Public health nurses are in high demand right now due to the coronavirus pandemic

Nurse Educator

If you love the nursing field and are inspired by the idea of paving the way for the next generation of nurses, you would make a great nurse educator.

Nurse educators are registered nurses who also hold a master's degree. They must also pass a certified nurse educator examination.

These nurses teach nursing students how to care for patients, both comprehensively and in specific areas of care. Nurse educators typically work in hospitals as well as education centers such as community colleges and universities. 

Nurse Midwife

Nurse midwives are registered nurses with additional certification from the American College of Nurse Midwives. Nurses in this specialty focus on providing care to pregnant women.

They assist pregnant women during prenatal appointments as well as during labor and delivery. After a patient has given birth, nurse midwives continue to provide care by educating and helping new mothers adjust.

Nurse midwives take a holistic approach to the care they provide.  

Travel Nurse

One of the most in-demand nursing specialties is the travel nurse. This type of nurse is a registered nurse who works in many different settings. Travel nurses work on a contract and spend short amounts of time in various locations.

They receive an hourly amount as well as a stipend for housing costs. Travel nurses have the unique opportunity to explore the world while they work. They can grow both professionally and personally as they treat patients around the world and live and work in different settings.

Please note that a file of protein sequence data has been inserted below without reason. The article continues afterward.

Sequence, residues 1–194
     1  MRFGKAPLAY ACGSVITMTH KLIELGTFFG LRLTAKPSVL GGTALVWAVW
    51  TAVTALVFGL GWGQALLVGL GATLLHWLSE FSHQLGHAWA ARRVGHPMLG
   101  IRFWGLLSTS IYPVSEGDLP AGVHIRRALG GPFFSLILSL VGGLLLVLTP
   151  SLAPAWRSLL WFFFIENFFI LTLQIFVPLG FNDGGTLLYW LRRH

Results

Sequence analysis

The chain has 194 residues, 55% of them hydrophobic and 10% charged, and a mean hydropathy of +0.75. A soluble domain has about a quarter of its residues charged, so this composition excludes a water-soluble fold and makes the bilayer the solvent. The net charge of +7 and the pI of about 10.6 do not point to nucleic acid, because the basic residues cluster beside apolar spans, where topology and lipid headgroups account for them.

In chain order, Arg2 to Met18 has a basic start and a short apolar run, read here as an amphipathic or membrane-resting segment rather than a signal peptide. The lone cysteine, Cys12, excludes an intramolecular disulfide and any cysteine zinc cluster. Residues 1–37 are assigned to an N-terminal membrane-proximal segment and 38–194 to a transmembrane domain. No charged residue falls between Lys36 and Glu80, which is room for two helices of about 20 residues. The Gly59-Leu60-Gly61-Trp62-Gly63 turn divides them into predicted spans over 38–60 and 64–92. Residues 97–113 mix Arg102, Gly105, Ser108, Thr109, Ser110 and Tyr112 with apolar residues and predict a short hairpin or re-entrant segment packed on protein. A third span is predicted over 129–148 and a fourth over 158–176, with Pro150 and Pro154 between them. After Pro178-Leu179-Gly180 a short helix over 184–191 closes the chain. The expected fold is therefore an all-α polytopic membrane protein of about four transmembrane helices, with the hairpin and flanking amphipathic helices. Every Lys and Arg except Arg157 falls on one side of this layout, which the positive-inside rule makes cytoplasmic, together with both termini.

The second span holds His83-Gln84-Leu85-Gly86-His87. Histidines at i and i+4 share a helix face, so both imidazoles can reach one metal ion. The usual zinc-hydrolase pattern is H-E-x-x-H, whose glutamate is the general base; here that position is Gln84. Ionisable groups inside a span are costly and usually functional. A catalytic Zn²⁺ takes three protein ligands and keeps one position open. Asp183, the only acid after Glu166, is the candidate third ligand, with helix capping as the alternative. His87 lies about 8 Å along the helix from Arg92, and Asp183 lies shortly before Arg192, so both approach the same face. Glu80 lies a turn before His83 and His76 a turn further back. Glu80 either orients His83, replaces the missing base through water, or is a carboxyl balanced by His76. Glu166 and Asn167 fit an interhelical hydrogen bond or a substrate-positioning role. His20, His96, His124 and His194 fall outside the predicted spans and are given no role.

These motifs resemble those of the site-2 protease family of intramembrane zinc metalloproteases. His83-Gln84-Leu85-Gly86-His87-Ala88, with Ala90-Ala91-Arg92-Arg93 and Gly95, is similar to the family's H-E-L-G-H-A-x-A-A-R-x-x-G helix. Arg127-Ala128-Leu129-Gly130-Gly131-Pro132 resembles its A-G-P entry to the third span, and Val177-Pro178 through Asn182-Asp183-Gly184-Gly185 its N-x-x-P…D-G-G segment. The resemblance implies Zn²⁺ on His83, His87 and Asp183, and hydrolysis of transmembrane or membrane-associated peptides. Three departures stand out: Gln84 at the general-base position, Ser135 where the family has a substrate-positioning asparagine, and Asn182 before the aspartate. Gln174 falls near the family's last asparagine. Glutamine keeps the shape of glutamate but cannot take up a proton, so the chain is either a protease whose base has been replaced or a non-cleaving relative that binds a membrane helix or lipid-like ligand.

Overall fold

Any registered nurse can become a travel nurse. You will simply need any relevant certifications in your area of specialty. You can expect to work in doctors' offices and hospitals. 

Other Nursing Specialties

As a registered nurse, you have the opportunity to work in a variety of care specialties beyond just family medicine. Registered nurses can specialize in areas of care such as pediatrics, oncology, and orthopedics.

In these roles, nurses will have unique duties related to the specialty. If one of these, or another specialty stands out to you, consider looking into the relevant certifications you may need to obtain. 

Are You Interested in Becoming One of These Types of Nurses?

As you can see, the nursing field is full of opportunities for just about anyone. There are so many different types of nurses that at least one specialty is sure to fit your skillset.

Are you a registered nurse looking to find the perfect career fit?

Are you an employer looking to find the top healthcare candidates to fill your job openings?

Let us help!  We connect healthcare professionals, including nurses, to employers. Click here to sign up and get started today.